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Northern States Power Company

Northern States Power Company

414 Nicollet Mall
Minneapolis, Minnesota 55401
U.S.A.
(612) 330-5500
Fax: (612) 330-6297
Web site: http://www.nspco.com

Public Company
Incorporated: 1909 as Washington County Light &
Power Company
Employees: 6,470
Sales: $2.65 billion (1996)
Stock Exchanges: New York Chicago Pacific
SICs: 4931 Electric And Other Services Combined

Northern States Power Company (NSP) provides electricity and gas to customers in Minnesota, Wisconsin, North Dakota, South Dakota, and the upper peninsula of Michigan. In 1996 it had 1.4 million electricity customers and 400,000 natural gas customers. The bulk of its sales is direct to consumers, but it provides a small amount of energy for resale by other utilities.

Early Development of Electric Utilities

NSPs roots go back to 1881 when Henry Marison Byllesby, NSPs founderthen a 22-year-old dropout from engineering schooljoined Thomas Edison as a draftsman to build a power plant in New York City. Byllesby went on to design plants for Edison in Chile and Montreal. In 1885 Edisons rival George Westinghouse offered Byllesby $10,000 a year to become vice president and general manager of Westinghouse Electric, and Byllesby accepted.

In his four years with Westinghouse, Byllesby invented and designed more than 40 electric lighting devices. In 1891 he received a job offer from another competitor, Charles A. Coffin, president of Thomson-Houston Electric Company. Coffin sent Byllesby to St. Paul, Minnesota, to run a subsidiary there. In St. Paul, Byllesby noted that most Midwestern electric companies had inadequate finances and other resources to meet customer demand. The weakest companies quickly went bankrupt or were swallowed by their competitors. Byllesby spent four years in St. Paul, until Thomson-Houston merged with Edisons General Electric Company. Unwilling to work for Edison again, Byllesby went to Oregon and became vice president of the Portland General Electric Company, where he designed, financed, and built four hydroelectric developments in four years.

In 1902 he put his years in St. Paul to use and organized his own engineering and operating firm in Chicago, with Samuel Insull and other backers, to buy and upgrade struggling midwestern utilities. Insull was a leading financier and acquirer of utilities. Financially troubled electric companies would approach Insull, and Insull would bail them out in exchange for stock in the company and an executive position. Byllesby bought companies in Illinois, Ohio, and Oklahoma, then in 1909 returned to Minnesota, where he organized the Washington County Light & Power Company in June 1909. In December 1909, the companys name was changed to Consumers Power Company. Byllesby and Insull also organized two utility holding companies: Northern States Power Company of Delaware in 1909 and Standard Gas and Electric in 1910.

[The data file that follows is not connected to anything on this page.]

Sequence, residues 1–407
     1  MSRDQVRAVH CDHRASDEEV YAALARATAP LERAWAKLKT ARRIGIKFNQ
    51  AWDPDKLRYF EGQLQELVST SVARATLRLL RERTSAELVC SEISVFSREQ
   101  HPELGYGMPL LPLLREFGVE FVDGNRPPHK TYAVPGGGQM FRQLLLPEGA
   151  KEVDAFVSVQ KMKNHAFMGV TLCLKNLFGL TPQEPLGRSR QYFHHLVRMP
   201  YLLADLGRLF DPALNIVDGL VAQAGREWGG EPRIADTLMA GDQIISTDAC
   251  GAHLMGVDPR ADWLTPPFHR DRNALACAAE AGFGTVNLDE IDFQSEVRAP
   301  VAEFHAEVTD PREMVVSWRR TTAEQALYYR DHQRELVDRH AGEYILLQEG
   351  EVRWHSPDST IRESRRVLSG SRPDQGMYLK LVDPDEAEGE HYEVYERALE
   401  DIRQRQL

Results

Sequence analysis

Byllesby, like Insull, ended up acquiring many of the companies he helped. The companies for which Byllesby built steam and hydroelectric plants became insolvent. Byllesbys company would take over these troubled companies and provide engineering, management, and financial assistance. In 1912 Byllesby made his most important acquisition when he bought Minneapolis General Electric of Minnesota. That company was destined to become NSPs flagship company. Also in 1912 Byllesby and Insull parted ways.

World War I to the Depression: Expansion and Interconnection

On February 5, 1916, Byllesby changed his companys name to Northern States Power Company. The United States entry into World War I in 1917 put a great strain on NSPs generating capabilities as wartime production and industrial customers demands grew. After the war, the country experienced a brief depression followed by a business boom that saw increased demand for electricity and encouragement of merger activity.